The research experts estimated that this amount ranges from a combined weight of 82,000 to 578,000 tons, or the equivalent of approximately 30 billion 500-milliliter plastic water bottles.
According to the journal Microplastics and Nanoplastics, the study aimed to assess the true impact of these particles on aquatic organisms and the environment.
Microplastics – up to five millimeters in size – can travel thousands of kilometers in the open ocean and, depending on their degradation, remain at certain distances from the ocean surface.
Although further research is needed to know what the effects of microplastics are, several studies have already confirmed a real impact on the lives of people, who can suffer from obstruction of the pulmonary alveoli and alter hormones leading to other problems such as infertility or hypothyroidism.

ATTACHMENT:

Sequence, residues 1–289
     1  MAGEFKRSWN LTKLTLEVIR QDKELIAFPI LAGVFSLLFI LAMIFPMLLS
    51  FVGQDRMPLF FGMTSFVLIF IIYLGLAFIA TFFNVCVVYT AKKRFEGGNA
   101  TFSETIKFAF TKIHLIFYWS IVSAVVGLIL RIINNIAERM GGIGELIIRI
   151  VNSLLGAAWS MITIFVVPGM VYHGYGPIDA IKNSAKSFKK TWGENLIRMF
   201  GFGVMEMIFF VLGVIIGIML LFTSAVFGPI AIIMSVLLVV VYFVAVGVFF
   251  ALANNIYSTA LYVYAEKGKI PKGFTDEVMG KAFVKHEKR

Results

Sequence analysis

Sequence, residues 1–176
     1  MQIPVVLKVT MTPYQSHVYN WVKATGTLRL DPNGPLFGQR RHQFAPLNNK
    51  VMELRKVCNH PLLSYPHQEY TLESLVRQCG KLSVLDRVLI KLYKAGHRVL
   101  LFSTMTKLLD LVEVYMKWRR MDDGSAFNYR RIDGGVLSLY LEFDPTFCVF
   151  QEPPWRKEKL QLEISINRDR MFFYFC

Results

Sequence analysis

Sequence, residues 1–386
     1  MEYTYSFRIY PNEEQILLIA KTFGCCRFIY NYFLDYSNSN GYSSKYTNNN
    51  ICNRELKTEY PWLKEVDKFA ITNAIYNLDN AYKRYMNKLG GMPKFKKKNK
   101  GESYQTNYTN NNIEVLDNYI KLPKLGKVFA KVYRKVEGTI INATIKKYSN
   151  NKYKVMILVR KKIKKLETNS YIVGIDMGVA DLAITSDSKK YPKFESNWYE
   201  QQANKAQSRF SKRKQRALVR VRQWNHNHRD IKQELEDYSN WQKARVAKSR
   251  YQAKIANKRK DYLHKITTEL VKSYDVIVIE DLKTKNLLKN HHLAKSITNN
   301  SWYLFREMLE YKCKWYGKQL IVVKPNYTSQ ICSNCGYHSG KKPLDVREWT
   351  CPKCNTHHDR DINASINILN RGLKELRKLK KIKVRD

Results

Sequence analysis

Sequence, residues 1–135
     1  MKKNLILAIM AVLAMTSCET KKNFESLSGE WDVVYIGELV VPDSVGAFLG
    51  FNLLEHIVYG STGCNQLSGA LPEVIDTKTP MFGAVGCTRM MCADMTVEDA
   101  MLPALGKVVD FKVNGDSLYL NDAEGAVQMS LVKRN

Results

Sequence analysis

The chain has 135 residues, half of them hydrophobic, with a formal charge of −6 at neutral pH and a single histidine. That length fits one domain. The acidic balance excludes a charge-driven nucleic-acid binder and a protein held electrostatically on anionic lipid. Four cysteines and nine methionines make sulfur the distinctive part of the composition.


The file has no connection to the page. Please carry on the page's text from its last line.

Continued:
Tiny pieces of degraded plastic and other related synthetic fibers can leach into the soil, fish and float in the air.
According to a report published by the World Wildlife Fund, people are at risk of ingesting about five grams of microplastics per week.
According to the U.S. National Library of Medicine, the most toxic ingredients in plastic are dioxin, polybrominated diphenyl ethers, polychlorinated biphenyls and polycyclic aromatic hydrocarbons, just to name a few.
Plastic particles that are ingested can physically damage organs and leach dangerous chemicals that disrupt hormones, compromise immune function and hinder growth and reproduction.
Although many people refuse to drink tap water, preferring bottled water to protect themselves from health problems, in the end they do not escape harm because they may ingest 90,000 more plastic particles per year, according to a study published by Environmental Science and Technology.
Due to environmental pollution with plastic products, around 700 marine species are jeopardize.
In fact, every year, more than one million birds and more than 100,000 mammals are affected.